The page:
What is Your Real Output?


Reading time ( words)

How should you define your output? Highest area productivity, lab speed, actual speed, optimum speed, IPC speed, or maximum speed? And is it speed or throughput we should be looking at? Neither is clearly defined, and we all have our rules of thumb (e.g., actual speed is 60% of IPC speed, which is 60% of maximum speed).

Currently, there is only one standard representing a fair comparison between pick-and place equipment: IPC-9850. It measures equipment speed (providing that components are placed within the specified accuracy of the equipment itself). IPC established IPC-9850 in 2002, defining the measurement procedures for specifying, evaluating and verifying surface mount placement equipment. With machine manufacturers producing a wide range of accuracies and outputs, it details how measurements must be made consistently, and is therefore the only real way to compare them. It has become a basic industry reference, but unfortunately doesn’t tell the whole story. Several pick-and-place machine manufacturers, for example, currently claim the industry’s fastest placement speeds on the basis of the IPC reference speed.

One key difference lies between the IPC-9850 speed and the actual speed you will reach in a particular application. And that is where IPC-9850 falls short.

For this reason, IPC published an updated version in January 2012: IPC-9850A. Since the release of this update, it has been adopted by…practically nobody. Admittedly, the new standard is far from perfect, as applications are usually still more complex than even it allows for. It is a step closer to the truth, though. Why have so few adopted it? Why do most manufacturers avoid publishing the results? It seems that this minor change in specification degrades output results so drastically that it is commercially too sensitive.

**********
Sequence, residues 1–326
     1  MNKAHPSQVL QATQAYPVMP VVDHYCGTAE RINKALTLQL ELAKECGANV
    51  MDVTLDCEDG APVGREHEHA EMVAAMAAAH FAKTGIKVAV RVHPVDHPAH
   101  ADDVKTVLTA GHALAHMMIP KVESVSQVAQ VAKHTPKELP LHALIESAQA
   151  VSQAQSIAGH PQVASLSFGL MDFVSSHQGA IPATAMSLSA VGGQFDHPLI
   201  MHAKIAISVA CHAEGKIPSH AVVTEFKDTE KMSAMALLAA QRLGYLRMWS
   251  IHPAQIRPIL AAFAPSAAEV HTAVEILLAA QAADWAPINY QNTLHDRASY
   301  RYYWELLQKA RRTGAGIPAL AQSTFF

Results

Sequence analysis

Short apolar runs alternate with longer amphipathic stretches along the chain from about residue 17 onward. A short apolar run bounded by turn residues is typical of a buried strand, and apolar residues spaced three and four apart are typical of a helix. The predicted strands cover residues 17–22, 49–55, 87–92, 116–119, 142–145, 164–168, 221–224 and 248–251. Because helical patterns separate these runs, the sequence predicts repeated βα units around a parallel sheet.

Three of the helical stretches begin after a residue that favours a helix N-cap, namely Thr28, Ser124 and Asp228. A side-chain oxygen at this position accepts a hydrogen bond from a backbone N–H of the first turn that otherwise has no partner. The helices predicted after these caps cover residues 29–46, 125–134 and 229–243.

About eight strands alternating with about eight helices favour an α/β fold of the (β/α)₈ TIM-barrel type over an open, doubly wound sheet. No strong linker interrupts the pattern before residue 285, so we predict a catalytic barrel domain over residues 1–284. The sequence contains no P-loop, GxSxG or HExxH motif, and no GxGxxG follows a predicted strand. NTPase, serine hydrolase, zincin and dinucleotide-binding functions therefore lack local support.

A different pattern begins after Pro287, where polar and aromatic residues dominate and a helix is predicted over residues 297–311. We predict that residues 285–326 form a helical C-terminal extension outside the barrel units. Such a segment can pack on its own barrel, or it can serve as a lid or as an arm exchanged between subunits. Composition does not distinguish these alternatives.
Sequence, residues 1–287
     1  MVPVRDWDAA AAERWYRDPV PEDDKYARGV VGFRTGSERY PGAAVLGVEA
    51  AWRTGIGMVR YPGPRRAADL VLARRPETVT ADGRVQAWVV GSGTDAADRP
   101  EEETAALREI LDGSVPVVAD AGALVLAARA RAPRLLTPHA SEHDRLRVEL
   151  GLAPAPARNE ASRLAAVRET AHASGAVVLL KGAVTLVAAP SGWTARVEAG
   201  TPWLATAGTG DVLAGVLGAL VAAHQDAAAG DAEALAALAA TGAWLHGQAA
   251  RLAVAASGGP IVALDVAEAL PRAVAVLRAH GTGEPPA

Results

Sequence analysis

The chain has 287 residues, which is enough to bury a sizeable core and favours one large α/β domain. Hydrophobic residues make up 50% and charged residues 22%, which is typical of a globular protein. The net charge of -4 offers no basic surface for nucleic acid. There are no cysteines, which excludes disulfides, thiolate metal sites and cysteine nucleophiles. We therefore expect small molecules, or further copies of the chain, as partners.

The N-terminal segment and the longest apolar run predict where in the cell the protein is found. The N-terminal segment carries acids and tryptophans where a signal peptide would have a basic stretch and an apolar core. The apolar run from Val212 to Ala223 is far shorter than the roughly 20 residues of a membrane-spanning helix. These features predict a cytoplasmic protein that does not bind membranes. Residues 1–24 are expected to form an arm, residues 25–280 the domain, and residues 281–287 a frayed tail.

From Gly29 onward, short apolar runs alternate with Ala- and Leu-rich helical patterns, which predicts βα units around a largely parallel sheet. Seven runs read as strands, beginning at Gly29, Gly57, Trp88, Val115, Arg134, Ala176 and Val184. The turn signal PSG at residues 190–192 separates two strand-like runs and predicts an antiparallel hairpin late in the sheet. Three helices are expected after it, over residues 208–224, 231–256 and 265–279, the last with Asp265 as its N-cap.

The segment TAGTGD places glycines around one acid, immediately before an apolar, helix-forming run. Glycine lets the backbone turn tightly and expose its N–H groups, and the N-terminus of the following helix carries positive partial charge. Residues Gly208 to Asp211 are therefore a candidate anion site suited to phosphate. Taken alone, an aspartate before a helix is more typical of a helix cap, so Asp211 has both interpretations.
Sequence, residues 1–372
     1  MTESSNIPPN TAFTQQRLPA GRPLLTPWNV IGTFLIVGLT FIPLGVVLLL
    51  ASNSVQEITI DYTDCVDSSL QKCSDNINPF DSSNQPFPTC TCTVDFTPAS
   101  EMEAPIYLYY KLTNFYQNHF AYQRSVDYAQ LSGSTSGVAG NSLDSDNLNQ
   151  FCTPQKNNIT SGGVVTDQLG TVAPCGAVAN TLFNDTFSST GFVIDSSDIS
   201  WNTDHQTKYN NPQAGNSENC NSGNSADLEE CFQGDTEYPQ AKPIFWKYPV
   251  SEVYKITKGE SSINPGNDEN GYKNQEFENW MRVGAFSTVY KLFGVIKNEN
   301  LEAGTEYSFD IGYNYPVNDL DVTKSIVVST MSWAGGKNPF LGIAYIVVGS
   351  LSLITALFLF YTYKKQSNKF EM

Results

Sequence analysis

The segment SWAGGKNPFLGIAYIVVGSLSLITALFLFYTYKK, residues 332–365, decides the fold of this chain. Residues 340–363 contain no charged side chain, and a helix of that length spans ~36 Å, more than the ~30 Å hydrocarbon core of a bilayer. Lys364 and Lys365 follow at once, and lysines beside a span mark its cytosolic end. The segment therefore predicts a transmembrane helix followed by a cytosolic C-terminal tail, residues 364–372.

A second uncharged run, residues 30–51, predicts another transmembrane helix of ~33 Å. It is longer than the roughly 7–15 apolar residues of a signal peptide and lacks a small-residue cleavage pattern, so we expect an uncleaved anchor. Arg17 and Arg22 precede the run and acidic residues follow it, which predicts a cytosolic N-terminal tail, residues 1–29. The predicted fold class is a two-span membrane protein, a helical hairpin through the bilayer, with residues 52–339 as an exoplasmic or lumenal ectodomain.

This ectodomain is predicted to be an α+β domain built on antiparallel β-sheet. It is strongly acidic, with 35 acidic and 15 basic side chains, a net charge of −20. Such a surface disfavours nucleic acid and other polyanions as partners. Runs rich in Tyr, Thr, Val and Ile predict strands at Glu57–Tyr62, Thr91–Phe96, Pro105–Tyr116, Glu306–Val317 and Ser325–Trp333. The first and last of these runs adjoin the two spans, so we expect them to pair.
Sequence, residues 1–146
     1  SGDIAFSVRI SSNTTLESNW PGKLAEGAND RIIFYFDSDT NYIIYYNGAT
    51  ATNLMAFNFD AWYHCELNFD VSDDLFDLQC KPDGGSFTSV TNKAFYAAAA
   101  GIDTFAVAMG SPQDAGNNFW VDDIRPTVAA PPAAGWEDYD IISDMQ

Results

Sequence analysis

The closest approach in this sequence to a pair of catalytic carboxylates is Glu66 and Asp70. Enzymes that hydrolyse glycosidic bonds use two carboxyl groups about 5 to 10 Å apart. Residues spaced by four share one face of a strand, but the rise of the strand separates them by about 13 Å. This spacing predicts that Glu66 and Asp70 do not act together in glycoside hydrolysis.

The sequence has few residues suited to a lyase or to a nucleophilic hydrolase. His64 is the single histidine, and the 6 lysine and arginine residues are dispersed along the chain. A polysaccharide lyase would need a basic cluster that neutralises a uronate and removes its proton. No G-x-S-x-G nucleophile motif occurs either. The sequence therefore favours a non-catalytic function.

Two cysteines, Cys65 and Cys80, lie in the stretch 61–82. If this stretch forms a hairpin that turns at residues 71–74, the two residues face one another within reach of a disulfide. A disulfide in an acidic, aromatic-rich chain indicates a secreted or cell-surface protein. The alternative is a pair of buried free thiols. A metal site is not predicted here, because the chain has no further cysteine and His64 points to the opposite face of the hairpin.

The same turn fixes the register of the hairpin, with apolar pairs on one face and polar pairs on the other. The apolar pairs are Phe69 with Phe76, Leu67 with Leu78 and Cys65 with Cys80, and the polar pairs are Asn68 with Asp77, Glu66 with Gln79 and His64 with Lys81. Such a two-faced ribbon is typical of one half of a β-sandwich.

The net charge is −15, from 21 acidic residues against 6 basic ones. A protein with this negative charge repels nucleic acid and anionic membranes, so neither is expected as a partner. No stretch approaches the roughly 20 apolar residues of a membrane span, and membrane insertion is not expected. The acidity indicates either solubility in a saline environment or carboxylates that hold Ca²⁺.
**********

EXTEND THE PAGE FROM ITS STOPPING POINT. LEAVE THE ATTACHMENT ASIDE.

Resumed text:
IPC-9850 and IPC-9850A: The Differences

IPC-9850 speeds are measured by placing a simple matrix of components (for example 80 SOIC-16s or 400 identical 0603 capacitors) on a 200 x 200 mm substrate. However, the standard says nothing about the electrical value of these 400 capacitors, for example. That allows sequential placement machines to use gang pick (simultaneous pick by multiple placement heads) using an optimized placement path. Gang pick, however, artificially inflates the performance figure since it can virtually never be used in an actual customer application. You just don’t get many circuits incorporating hundreds of identical 27-nF capacitors on a board in a small matrix in a 200 x 200 mm area.

Read the full column here.


Editor's Note: This column originally appeared in the March 2014 issue of SMT Magazine.

Share

Print


Suggested Items

Tech 2 Tech: KYZEN’s Short Technical Sessions a Big Hit

01/20/2021 | Nolan Johnson, I-Connect007
Nolan Johnson gets an update from Tom Forsythe on KYZEN’s Tech 2 Tech sessions. These brief 15-minute sessions were set up during the pandemic by KYZEN for customers, prospects, and new engineers around cleaning, and have since found traction with their manufacturers, reps and distributors.

Tales from a Trailblazer: An Interview with Christine Davis

01/05/2021 | Steve Williams, The Right Approach Consulting LLC
Columnist Steve Williams recorded a series of interviews with new I-Connect007 columnist Christine Davis, president and founder of contract manufacturer CAMtek, who recently joined Zentech Bloomington. As a female business owner in a male-dominated industry, Christine has a unique perspective on what it takes to thrive in the electronics industry, and shares some of her stories and lessons learned along the journey.

Chapter 1 Excerpt: The Printed Circuit Assembler’s Guide to Process Validation

12/31/2020 | Graham Naisbitt, Gen3 Systems
The original principle underlying the IPC’s ionic cleanliness requirement was that the mobility of surface ions, detectable from SIR measurements, would correlate to a maximum value of detectable ionic elements permissible on the circuit surface. The industry required a test that was both fast and accurate for process control. Thus, a simplified ion chromatograph that was able to detect ionic elements without differentiation was created.



Copyright © 2021 I-Connect007. All rights reserved.